Bus operators flout lockdown measures

Source: Bus operators flout lockdown measures | Herald (Top Stories)

A Pangolin bus bound for South Africa picks up passengers at Mbudzi Roundabout along Harare-Masvingo Road yesterday despite a Government ban on intercity and long-distance bus services to curtail the spread of Covid-19. (Story on Page 2) — Picture: Justin Mutenda

Victor Maphosa

Herald Reporter

LAXITY and corruption at police checkpoints have seen some long-distance conventional buses and commuter omnibuses illegally operating in flagrant violation of Covid-19 national lockdown, The Herald has established.

The lockdown measures, which temporarily banned intercity travel, were introduced to curb the spread of Covid-19, but bus crews are allegedly bribing police officers on the roads to gain passage.

On February 15 this year, President Mnangagwa extended the national lockdown Level Four by another two weeks as the country seeks to ensure that deaths from Covid-19 further come down, while giving health professionals time to investigate and monitor the presence of new variants of the virus.

The measures included banning of intercity and inter-provincial travel.

Regardless of the President’s directive and the statutory instruments barring intercity travel, some public transport operators have since resumed business in disregard of the regulations.

Almost daily, commuter omnibus crews plying the Harare-Mutoko Highway engage in a cat-and-mouse game with the police along Samora Machel Avenue, opposite Holiday Inn.

As soon as the police move to other points, they capitalise on their absence and ferry passengers, before driving off.

The same is also happening on a daily basis along the Harare-Bindura road, where some buses and kombis ferry passengers from Harare to areas like Mt Darwin and Muzarabani.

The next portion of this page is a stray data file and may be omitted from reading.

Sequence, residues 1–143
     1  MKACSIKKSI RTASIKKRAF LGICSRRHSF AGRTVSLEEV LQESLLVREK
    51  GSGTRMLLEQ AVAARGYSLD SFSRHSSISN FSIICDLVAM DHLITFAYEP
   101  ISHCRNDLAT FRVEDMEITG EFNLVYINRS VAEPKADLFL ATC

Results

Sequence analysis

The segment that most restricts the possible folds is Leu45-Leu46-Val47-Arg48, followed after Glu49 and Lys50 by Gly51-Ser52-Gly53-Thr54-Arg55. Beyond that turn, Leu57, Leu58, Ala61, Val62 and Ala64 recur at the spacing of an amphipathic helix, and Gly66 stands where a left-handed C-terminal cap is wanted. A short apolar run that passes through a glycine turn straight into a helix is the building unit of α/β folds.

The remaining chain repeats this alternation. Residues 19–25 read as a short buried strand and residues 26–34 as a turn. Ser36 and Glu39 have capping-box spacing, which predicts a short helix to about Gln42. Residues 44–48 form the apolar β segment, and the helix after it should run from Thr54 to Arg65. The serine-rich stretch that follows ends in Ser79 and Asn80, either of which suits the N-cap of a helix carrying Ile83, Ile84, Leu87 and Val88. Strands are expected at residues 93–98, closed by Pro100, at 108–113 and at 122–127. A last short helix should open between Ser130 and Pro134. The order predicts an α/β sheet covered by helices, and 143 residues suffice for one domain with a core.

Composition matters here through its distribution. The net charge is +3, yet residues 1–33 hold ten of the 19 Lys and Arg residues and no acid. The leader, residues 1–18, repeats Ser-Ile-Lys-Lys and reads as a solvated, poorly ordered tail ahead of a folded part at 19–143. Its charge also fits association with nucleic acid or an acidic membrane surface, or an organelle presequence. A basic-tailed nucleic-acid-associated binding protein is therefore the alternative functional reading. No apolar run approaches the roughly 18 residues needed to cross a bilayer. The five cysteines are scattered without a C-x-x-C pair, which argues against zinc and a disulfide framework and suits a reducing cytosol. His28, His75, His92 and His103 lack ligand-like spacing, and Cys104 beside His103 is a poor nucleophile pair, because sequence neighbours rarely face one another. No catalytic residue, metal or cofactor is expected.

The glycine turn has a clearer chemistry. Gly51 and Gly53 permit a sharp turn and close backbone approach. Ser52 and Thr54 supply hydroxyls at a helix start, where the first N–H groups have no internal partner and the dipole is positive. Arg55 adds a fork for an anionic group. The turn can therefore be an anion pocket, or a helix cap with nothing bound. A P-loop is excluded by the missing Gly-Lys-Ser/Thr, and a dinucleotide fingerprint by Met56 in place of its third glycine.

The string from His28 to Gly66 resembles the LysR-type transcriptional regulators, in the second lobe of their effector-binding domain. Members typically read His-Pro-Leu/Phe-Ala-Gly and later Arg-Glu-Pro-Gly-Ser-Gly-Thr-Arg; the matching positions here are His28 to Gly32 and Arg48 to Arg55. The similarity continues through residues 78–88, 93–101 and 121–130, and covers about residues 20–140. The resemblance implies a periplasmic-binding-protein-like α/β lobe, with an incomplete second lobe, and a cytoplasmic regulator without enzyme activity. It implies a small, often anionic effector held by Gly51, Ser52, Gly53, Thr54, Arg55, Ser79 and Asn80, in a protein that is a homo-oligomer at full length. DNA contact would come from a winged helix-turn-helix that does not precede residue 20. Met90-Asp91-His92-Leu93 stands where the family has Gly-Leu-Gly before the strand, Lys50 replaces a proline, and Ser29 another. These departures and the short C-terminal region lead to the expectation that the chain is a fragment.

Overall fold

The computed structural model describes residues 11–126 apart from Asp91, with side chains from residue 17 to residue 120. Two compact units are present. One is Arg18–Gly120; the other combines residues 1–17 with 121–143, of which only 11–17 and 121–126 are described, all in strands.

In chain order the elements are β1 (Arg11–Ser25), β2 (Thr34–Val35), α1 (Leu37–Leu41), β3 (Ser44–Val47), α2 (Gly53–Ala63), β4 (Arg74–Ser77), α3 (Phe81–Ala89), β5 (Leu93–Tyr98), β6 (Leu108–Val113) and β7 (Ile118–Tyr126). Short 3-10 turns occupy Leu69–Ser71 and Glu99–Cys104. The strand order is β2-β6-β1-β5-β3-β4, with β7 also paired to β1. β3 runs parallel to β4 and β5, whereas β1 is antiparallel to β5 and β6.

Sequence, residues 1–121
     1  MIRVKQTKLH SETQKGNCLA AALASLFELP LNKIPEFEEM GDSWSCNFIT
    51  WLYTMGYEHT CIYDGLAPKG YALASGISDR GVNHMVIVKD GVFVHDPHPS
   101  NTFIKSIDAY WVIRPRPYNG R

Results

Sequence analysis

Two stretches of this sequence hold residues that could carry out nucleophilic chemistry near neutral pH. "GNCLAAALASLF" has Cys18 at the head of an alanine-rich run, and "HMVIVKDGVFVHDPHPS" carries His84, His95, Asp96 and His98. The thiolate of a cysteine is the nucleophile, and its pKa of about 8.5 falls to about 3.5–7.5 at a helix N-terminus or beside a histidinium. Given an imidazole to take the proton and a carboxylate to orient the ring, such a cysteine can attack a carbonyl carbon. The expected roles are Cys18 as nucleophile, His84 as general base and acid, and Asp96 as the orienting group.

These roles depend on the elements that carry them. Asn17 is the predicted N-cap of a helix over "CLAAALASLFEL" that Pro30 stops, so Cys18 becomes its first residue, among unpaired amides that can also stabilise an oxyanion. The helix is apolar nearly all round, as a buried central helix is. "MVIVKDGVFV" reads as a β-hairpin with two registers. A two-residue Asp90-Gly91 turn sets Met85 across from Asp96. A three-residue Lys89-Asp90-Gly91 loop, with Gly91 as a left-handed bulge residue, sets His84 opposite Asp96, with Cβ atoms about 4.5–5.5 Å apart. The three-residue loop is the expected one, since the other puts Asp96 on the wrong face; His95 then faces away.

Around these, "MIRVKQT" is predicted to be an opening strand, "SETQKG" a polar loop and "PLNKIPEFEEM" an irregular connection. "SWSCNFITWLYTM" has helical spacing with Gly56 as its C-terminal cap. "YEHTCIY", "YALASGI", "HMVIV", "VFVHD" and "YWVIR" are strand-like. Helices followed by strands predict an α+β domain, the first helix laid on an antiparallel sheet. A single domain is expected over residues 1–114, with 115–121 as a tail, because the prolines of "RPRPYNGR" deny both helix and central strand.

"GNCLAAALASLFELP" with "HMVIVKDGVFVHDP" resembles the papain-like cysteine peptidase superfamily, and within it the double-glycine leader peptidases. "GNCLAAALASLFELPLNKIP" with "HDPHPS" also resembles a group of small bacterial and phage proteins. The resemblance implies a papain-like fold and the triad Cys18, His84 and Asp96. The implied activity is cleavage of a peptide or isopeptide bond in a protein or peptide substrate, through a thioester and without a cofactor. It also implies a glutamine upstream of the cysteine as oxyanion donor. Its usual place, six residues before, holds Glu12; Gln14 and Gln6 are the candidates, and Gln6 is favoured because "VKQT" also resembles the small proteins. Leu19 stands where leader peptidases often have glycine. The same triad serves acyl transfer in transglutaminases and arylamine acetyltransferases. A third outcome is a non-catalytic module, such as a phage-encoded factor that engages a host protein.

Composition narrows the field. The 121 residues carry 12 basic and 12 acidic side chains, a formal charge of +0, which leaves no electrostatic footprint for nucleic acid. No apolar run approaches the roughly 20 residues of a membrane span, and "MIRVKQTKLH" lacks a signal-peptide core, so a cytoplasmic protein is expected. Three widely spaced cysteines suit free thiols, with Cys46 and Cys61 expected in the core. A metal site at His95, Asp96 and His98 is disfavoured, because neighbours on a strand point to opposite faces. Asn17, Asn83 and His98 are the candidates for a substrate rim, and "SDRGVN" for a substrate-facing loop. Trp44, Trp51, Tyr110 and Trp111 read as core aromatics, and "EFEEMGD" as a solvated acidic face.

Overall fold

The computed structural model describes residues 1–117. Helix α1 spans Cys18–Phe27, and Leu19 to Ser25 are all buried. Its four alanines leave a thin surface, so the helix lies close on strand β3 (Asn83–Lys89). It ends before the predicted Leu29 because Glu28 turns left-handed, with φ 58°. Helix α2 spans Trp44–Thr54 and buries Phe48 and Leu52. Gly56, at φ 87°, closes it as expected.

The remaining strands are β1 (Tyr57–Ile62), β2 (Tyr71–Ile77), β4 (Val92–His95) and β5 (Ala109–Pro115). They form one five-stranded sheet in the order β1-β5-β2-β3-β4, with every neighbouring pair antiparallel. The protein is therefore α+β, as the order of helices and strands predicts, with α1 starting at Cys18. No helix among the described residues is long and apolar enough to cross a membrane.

At Mbudzi roundabout along the Harare-Masvingo Highway, public transport operators ferry passengers in broad daylight, raising questions on the seriousness of officers entrusted with enforcing the lockdown measures.

Once the passengers board the buses, exemption letters are not a requirement as the crews are the ones who “deal” with the police at checkpoints.

A Herald reporter went undercover and boarded a Gokwe-bound conventional bus owned by a local operator using the name “Seasons Coaches”.

The bus departed Harare around 11am on February 23, destined for Chitekete in Gokwe.

This writer joined shop owners and vendors who had come to Harare to buy goods for resale.

Season Coaches picks passengers and goods at Stodart Hall in Mbare and charges US$15 from Harare to Gokwe.

After boarding the bus at Harare Showgrounds bus stop, the reporter paid the fare and was issued with a ticket (Number 1622) inscribed Seasons Coaches.

The bus picked up a few other passengers at the showgrounds illegal bus stop, in full view of police officers patrolling the area.

Touts also swarmed the bus, bringing in more passengers for a fee.

The reporter asked a member of the bus crew how someone without an exemption letter could be assisted at police checkpoints, but he was assured of smooth passage.

“Just relax, no one will ask for it. Police do not care about letters on these major roads,” came the reply.

While on the bus, most passengers were familiar with each other, confirming they were regular travellers who use the bus.

This reporter sat next to a middle-aged woman destined for Gokwe, and a conversation ensued.

During the conversation, the woman who identified herself as Mrs Sibanda, revealed that she was a vendor and had come to Harare to buy wares for her business.